HARLEY'S ANGELS NO LONGER MOTORCYCLE MAMAS, WOMEN TAKE FRONT SEAT ON HARLEYS.
Gone are the days of women riding the back seats of Harleys; these days, women are revving up sales in the driver's seat.
``It was a man's world before,'' said Cathy Sumandra, who works at Van Nuys Harley-Davidson. ``So many more (women) want to ride now. They rode on the back and now they want their own.''
Reseda resident Nancy Swan just shelled out $21,000 for a Harley Road Glide.
Swan got her first Harley a few years ago because she was sick of being ``left behind'' by her boyfriend when he went riding with the boys. The boyfriend is long gone, but Swan is still in love with biking.
``I ride from sunup to sundown every chance I get,'' she said. ``As you get older, you realize it's not all about what your guy is doing. You pick your own passions.''
The women riding on the back seats of motorcycles are a natural built-in market for manufacturers, said Genevieve Schmitt, editor of Woman Rider magazine.
Sales of Harley-Davidson motorcycles to women rose from 2 percent in 1985 to 10 percent in 2003, according to the company. That reflects a larger trend in the biking industry, where women account for nearly 10 percent of all motorcycle owners, according to the Motorcycle Industry Council.
Reaching out to new markets could be the key generator for sales at Harley-Davidson, which on Thursday posted a record $209 million in fourth-quarter profits.
When women walk into the Van Nuys Harley-Davidson dealership on the arms of their husbands or boyfriends, saleswoman Michelle Mansur tells them they should stop taking a back seat on the road.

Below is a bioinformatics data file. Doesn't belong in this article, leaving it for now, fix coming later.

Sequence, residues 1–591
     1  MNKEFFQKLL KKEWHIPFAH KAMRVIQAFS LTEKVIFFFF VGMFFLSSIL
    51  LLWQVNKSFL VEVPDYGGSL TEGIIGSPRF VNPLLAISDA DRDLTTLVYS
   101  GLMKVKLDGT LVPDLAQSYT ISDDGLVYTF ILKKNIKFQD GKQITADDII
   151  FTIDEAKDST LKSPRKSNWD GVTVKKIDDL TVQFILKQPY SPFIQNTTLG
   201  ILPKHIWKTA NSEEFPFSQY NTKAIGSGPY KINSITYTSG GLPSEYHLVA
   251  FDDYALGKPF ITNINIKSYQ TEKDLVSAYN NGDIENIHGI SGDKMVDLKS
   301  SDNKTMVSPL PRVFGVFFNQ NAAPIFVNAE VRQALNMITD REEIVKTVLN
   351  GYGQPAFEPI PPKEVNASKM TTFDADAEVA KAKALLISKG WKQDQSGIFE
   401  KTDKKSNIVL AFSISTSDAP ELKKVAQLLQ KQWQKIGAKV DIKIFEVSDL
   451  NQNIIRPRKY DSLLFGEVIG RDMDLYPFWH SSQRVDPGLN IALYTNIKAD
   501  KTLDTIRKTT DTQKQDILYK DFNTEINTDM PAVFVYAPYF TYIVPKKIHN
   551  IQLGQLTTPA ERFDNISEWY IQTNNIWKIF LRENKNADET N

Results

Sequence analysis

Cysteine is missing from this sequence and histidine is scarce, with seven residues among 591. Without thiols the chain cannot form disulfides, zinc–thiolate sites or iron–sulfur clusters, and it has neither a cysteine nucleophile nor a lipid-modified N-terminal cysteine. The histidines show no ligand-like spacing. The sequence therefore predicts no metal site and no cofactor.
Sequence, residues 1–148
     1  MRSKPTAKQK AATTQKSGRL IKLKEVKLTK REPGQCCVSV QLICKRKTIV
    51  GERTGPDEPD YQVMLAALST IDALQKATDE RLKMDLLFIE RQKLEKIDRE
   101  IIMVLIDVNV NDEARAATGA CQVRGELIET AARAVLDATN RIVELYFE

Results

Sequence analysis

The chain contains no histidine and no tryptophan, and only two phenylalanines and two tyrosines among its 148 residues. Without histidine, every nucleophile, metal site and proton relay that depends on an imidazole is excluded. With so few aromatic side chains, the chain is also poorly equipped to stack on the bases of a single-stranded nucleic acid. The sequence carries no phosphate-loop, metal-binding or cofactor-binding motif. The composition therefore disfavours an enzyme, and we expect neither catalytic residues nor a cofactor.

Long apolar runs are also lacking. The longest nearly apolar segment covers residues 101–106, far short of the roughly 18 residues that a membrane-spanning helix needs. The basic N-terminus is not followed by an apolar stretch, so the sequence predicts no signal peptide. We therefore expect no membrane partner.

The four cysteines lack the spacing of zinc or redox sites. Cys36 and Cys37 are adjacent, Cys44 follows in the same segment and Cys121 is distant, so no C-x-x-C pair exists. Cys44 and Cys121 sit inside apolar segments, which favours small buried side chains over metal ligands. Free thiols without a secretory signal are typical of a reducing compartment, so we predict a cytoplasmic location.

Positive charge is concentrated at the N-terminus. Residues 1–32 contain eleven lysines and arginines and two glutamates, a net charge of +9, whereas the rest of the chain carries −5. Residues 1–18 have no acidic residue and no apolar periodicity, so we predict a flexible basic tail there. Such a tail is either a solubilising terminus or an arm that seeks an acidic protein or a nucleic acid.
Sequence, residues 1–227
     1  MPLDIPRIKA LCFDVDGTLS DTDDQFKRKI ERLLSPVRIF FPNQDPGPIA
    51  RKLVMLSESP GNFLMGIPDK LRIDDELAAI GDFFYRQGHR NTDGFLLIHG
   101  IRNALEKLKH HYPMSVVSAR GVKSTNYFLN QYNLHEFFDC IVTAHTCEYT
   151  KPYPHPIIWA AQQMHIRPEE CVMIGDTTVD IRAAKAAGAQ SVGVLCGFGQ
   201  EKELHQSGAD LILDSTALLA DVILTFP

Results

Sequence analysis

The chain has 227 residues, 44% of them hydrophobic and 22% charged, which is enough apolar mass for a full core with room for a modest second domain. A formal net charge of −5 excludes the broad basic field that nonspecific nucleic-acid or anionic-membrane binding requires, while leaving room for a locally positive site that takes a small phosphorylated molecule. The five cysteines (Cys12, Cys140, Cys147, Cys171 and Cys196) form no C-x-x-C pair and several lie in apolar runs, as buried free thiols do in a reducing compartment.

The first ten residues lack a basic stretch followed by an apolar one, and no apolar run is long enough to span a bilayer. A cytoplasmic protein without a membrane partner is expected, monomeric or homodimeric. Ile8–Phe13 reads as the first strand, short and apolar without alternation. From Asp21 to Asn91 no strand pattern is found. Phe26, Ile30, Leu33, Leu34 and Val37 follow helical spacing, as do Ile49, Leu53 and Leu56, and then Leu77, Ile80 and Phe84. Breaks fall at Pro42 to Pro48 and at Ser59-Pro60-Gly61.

``I tell them they can ride themselves,'' said Mansur, a Harley rider for the past six years.
Until recently, however, Schmitt said the motorcycle industry has largely ignored women. It's only in the last couple years that Harley-Davidson went ``above and beyond'' in tapping women as potential customers.
Harley this month rolled out a Web site devoted specifically to women riders. The Enthusiast, a magazine for Harley owners, recently featured a special insert profiling women riders. For the first time last year, Schmitt said Harley even invited a dozen female reporters to test out its new Sportster, a smaller, entry-level model that is popular with women.
It's all part of Harley's recent effort to reach ``the broadest possible segment'' of the market possible, said Paul James, spokesman for Milwaukee-based Harley-Davidson.
Leslie Long, who was in the Van Nuys dealership with her husband on Thursday, typifies the new Harley buyer.
``I got into it 'cause my husband was into it,'' she said. ``I think that's how a lot of women get into it.'' By the time the couple's annual bike ride rolls around this spring, Long said she plans to have her first Harley.
With a growing fleet of women riders taking to the open road, Long won't be alone.
Sumandra started riding 17 years ago with an inexpensive Honda, while working as a kindergarten teacher. Now 41, Sumandra commands a $15,000 Super Glide to get her rush.
``It's being in control - it's strengthening and independent.''
Candice Choi, (818) 713-3634
(color) Nancy Swan is an accountant by day, a leather-clad Harley rider on weekends.
Evan Yee/Staff Photographer
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|Publication:||Daily News (Los Angeles, CA)|
|Article Type:||Statistical Data Included|
|Date:||Jan 21, 2005|
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